Saturday 30 January 2010
We were having a lot of problems on Tinderbox with xpcshell tests randomly failing on Windows by returning exit code 1. Curiously, it seemed that almost any test could fail this way, with low probability, and the output log for each test indicated that all the actual subtest assertions passed, the process just mysteriously returned an exit code of 1 for no apparent reason.
Naturally I charged into battle with my sword +5 against orange (i.e., VMWare's record-and-replay debugging). The tests failed randomly about one run in a thousand, so capturing a failure wasn't hard. Then I verified that the problematic xpcshell run was passing 0 as the exit code for the final NtTerminateProcess system call, but the outer python script was indeed getting 1 from GetExitCodeProcess. Very mysterious!
I was at a loss for a while until some questions from Benjamin Smedberg led me to observe that in the failing run, the Google Breakpad helper thread was still alive at process termination, but in passing runs, that thread had exited before process termination.
Benjamin then looked into the Breakpad shutdown code and noticed it using TerminateThread to shut down its helper thread. The MSDN documentation for TerminateThread warns that that function is an extremely dangerous API, because it abruptly terminates the thread, leaving any shared resources it was manipulating in a possibly inconsistent state. Nevertheless, the Breakpad shutdown code seems to use it in a safe way ... mostly. We observed that that code was passing exit code 1 to TerminateThread. Changing that exit code to 44 made the exit code returned in our randomly failing tests change to 44. Clearly, somehow the exit code set for the Breakpad helper thread by TerminateThread was becoming the exit code for the process!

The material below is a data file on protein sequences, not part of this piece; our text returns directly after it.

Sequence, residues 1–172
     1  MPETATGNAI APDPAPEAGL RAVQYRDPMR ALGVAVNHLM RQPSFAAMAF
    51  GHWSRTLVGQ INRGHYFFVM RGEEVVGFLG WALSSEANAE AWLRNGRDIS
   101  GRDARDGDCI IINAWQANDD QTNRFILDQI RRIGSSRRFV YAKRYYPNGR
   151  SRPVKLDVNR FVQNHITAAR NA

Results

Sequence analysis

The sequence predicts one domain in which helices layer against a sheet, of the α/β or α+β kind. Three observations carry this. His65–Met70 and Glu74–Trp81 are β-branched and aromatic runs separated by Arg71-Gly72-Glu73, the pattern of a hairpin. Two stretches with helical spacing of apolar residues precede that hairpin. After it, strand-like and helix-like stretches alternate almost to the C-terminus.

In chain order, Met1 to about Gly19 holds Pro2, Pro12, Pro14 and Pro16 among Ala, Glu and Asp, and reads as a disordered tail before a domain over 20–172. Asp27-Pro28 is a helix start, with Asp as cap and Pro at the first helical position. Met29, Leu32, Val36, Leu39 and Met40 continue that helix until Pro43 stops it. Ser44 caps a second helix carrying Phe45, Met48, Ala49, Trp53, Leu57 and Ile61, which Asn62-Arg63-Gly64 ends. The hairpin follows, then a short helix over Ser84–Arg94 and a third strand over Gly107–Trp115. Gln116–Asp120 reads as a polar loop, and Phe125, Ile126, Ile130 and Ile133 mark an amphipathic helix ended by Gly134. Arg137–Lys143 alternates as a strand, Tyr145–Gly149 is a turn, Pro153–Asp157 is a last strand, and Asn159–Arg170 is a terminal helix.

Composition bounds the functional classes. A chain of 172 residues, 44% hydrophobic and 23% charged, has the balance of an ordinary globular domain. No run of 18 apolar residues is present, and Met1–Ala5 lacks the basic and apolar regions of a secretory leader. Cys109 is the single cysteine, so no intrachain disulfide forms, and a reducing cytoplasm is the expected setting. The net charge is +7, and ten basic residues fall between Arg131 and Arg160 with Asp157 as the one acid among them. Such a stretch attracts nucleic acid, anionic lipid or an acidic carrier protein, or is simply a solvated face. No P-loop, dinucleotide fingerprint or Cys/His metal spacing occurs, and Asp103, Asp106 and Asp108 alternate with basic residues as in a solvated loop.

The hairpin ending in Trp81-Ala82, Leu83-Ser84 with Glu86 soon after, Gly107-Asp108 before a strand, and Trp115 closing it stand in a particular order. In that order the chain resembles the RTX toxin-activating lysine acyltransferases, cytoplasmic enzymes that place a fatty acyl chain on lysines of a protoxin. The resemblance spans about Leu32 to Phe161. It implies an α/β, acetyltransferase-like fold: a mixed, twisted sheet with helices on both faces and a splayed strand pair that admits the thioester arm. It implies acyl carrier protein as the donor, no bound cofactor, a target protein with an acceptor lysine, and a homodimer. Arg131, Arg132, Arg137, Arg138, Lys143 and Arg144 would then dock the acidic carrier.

We think that, although it's not mentioned in MSDN, TerminateThread is actually asynchronous. The thread is not terminated immediately. If you're (un)lucky, the main thread can trigger process exit (passing exit code 0) before the helper thread's termination is complete. Then, somewhere in the netherworld of NT kernel process finalization, after the main thread has been terminated, termination of the helper thread finally completes and as the last thread to terminate, its exit code is recorded as the process exit code!
Moral of the story: never use TerminateThread. If you must use TerminateThread, you should probably try to wait for termination to finish (e.g. by calling WaitForSingleObject) before exiting the process, if you care about your process exit code. Another moral is that record-and-replay debugging rocks (but we already knew that). Yet another moral is that debugging closed-source operating systems sucks (but we already knew that too).